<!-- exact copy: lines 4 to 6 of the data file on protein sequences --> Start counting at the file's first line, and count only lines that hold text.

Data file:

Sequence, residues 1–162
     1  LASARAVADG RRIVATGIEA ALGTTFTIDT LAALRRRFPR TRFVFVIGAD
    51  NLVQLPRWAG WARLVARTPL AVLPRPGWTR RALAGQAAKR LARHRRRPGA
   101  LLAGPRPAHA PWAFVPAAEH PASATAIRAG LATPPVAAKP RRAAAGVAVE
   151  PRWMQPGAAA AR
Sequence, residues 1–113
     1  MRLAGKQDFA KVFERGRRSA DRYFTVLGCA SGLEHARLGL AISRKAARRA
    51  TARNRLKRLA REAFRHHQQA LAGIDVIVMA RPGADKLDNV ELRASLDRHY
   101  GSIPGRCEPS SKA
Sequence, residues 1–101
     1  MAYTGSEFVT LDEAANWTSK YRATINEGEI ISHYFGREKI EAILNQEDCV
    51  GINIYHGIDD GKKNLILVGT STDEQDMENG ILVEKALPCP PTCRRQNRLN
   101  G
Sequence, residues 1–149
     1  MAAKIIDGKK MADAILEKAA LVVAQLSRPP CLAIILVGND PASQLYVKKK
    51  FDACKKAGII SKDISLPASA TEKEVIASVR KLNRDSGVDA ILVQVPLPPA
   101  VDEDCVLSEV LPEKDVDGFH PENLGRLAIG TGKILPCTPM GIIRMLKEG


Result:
   101  LLAGPRPAHA PWAFVPAAEH PASATAIRAG LATPPVAAKP RRAAAGVAVE
   151  PRWMQPGAAA AR
Sequence, residues 1–113